I was diagnosed yesterday. Today I have been thinking about things that have happened to me or that I have done in the new knowledge of my diagnosis. It's very odd. I was surprised to be diagnosed. I asked if I was borderline but they looked horrified and said that I was 100%, no doubt classic autism.
I'd like to say hello to people on here. Hello.
Procrastinator said:Is it possible to rethink yourself at 43?
Is it possible to rethink yourself at 43?
Yes, I think so. I got diagnosed at 56 and am busy working out what to do with my future. A big part of diagnosis is understanding what makes you tick and why we struggled to understand the world and why the world struggles to understand us. I have learnt masses of stuff since diagnosis and now understand things a whole lot better.
Dear piggy77, I'm so sorry I never replied to your question. The notifications weren't turned on. Something must have majorly distracted me - and I forgot all about NAS. Until I rediscovered it a few days ago :-) I wonder how you are two years on. Have you gotten used to your diagnosis? Have things changed?To answer your two-year old question: it was my therapist who suggested it. (The adhd diagnosis 10 years prior was also sprung on me. The job center told me to get tested for "learning disabilities" at the hospital. I was convinced I had dyscalculia - it hadn't occurred to me that I had ADHD (as I thought it was for naughty boys). I recall someone telling me I was in the grey zone between ADHD and ASD (but I didn't think more of it - as I only could think of the outward signs of autism and didn't fully understand the connection to my experience). Then ten years later the therapist had obviously been itching to broach the subject with me - and I felt really surprised. I still struggle a bit with the idea that I come across "wrong". Your last sentence resonates with me. I am still grieving the life I would have wished for myself. And feel a failure for not being able to rise above it all and use my talents and positives in a good way. Having said that - I am working hard on myself - trying to create a good life.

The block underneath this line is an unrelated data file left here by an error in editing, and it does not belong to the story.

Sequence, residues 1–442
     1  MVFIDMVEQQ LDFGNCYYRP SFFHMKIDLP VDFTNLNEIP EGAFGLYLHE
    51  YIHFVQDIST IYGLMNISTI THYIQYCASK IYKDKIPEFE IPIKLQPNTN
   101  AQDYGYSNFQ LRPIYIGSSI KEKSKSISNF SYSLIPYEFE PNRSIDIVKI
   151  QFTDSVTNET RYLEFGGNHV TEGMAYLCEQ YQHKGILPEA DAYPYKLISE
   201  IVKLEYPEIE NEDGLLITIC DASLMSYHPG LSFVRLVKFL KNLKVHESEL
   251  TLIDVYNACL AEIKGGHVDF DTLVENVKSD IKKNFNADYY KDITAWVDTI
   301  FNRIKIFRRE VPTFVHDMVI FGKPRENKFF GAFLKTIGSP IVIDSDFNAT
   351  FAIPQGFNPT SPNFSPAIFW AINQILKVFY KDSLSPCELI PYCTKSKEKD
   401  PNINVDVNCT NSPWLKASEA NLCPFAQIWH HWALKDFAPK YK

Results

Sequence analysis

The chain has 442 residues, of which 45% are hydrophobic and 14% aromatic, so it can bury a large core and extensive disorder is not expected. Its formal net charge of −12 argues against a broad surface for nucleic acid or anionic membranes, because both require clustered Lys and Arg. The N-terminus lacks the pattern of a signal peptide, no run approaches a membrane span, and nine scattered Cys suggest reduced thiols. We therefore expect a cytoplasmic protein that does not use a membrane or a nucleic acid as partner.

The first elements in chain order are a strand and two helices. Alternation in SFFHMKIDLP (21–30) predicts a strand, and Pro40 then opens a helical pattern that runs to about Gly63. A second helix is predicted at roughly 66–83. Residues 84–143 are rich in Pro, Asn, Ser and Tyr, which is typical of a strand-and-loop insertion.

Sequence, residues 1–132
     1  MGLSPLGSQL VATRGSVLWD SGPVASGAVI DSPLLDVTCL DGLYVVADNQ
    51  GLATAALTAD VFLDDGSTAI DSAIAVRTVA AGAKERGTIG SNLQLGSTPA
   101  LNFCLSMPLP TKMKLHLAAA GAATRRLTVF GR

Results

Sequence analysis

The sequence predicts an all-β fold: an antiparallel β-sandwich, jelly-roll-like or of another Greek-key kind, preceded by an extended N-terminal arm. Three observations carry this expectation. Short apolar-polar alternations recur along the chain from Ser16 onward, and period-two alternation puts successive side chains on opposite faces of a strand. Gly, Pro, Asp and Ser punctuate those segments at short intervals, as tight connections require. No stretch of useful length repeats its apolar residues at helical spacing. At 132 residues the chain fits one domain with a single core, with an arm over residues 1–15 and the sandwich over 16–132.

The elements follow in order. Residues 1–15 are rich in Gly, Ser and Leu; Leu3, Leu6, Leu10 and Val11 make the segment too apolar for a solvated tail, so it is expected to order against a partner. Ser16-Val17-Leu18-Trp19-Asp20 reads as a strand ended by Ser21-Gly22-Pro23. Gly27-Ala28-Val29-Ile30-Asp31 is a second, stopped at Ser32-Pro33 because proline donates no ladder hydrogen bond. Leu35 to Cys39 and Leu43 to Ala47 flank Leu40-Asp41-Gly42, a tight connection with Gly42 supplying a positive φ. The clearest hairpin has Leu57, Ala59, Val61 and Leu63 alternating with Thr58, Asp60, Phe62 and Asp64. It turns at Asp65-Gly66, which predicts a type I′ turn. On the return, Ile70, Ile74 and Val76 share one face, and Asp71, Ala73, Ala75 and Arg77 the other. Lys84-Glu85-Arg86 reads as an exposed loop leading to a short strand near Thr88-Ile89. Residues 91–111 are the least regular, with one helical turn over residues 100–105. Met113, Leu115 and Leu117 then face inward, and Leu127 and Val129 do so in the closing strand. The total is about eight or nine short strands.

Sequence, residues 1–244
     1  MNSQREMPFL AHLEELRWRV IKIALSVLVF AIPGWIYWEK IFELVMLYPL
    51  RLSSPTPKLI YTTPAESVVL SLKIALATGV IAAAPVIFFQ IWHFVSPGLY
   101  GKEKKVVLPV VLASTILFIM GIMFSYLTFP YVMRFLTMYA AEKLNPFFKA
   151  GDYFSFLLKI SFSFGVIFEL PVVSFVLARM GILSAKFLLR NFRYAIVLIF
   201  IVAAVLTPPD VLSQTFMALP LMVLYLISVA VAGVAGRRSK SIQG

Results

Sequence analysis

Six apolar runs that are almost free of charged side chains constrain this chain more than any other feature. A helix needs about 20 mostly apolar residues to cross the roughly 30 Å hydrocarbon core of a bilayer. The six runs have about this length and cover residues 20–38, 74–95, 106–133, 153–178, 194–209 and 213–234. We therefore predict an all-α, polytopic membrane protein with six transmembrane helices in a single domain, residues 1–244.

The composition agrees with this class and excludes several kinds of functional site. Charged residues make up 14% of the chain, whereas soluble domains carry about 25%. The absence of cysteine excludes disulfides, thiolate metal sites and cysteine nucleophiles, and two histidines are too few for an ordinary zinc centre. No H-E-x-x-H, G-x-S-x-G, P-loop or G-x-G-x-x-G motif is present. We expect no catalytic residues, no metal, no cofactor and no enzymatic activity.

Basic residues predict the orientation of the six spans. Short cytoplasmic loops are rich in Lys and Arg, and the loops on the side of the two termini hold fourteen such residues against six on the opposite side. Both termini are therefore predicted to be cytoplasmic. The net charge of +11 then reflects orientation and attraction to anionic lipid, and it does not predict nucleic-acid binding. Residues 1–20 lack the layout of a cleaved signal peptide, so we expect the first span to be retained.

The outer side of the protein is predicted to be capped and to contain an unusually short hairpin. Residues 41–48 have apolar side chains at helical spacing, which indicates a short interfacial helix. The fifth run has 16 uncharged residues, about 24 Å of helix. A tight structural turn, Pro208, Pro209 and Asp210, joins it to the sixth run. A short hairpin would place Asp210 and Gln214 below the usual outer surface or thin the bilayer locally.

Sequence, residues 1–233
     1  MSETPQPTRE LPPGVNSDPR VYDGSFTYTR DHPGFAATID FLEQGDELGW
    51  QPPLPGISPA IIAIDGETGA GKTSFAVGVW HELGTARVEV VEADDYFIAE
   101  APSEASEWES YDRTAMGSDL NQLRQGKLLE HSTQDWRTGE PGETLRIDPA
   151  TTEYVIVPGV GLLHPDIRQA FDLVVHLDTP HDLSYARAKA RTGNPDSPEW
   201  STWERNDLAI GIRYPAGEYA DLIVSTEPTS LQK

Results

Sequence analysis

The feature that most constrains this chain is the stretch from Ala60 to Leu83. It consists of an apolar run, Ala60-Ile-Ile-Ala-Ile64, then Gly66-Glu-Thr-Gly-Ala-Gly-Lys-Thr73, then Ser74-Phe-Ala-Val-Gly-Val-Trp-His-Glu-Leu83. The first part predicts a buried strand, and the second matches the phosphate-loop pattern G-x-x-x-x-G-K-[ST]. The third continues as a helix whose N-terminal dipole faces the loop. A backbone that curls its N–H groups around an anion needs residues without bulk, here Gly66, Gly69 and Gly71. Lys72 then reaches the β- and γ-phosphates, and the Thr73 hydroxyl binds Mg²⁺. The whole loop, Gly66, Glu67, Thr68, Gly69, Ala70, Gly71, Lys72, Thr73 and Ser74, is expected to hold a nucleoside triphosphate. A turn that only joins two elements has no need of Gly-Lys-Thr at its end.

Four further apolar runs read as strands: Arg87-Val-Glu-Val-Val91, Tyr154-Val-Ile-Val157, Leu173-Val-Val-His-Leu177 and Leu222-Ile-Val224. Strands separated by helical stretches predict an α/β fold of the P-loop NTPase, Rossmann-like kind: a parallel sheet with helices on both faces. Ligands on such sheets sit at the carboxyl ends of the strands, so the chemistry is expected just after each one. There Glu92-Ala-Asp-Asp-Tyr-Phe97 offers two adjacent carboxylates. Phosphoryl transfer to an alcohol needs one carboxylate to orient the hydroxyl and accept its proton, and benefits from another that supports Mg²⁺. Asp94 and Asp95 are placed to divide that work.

I had to laugh at your getting on wrong trains. It was the kind of think I did when I was working. I would race so hard to catch a train and then get on last moment. Stand there huffing and panting whilst the doors slam shut, only to hear the tannoy announcing some or other exotic destination that most definitely wasn't mine.
Oh that feeling. It is quite funny. Here we get a ticket saying: "lost traveller". I like that. It sort of fits for all of my life. Not just trains. Hope you are well
I'm curious. What would you regard as the most important things you have learnt since diagnosis?
1 - That I'm not 'broken', this is the way I am supposed to be.
2 - That it's okay to be me.
3 - That plenty of other people are like me!
4 - That I don't have M.E / C.F.S. (that diagnosis never did feel right to me) but I do often get social exhaustion and become overloaded, and that's fine because I can now learn how to limit and / or deal with that.
5 - That a diagnosis of HFA is synonymous with above average intelligence (smug smile).
6 - That I've still got a lot to learn about myself and autism.
I think I'll start a new thread on that number four :-) I am curious.
1 - I'm still working on not feeling like that. I am very much grieving for all the lost time and opportunities that won't come back. Whilst I should just focus on gratefulness.2 - Well, I'm trying to be okay with it. The thing is I believe I become annoying if I don't correct myself3 - Yes, well that is very amazing, it is fun coming to this forum, and revel in the sense of belonging!4- Well, I started a new thread for that one.5- Hee Hee :-) 6 - Hell yes. I trust I'll be clued up by the time I am 86.